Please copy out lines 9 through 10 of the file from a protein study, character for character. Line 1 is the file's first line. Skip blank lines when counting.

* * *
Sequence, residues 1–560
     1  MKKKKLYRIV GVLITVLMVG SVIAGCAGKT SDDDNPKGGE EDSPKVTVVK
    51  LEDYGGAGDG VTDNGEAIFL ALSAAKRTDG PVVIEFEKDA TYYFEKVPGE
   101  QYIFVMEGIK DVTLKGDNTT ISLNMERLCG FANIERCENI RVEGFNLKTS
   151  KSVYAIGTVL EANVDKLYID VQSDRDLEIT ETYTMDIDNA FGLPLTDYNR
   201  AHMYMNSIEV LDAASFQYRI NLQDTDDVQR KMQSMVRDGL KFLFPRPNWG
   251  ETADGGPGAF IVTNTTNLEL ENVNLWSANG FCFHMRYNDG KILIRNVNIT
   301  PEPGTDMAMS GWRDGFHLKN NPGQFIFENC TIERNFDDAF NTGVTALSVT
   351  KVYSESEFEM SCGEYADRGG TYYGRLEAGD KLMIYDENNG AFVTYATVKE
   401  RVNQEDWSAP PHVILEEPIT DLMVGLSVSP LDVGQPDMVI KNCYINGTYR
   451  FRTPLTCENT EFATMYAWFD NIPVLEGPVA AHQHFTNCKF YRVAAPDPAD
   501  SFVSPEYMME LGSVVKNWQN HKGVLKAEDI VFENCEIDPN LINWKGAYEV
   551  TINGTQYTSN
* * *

   351  KVYSESEFEM SCGEYADRGG TYYGRLEAGD KLMIYDENNG AFVTYATVKE
   401  RVNQEDWSAP PHVILEEPIT DLMVGLSVSP LDVGQPDMVI KNCYINGTYR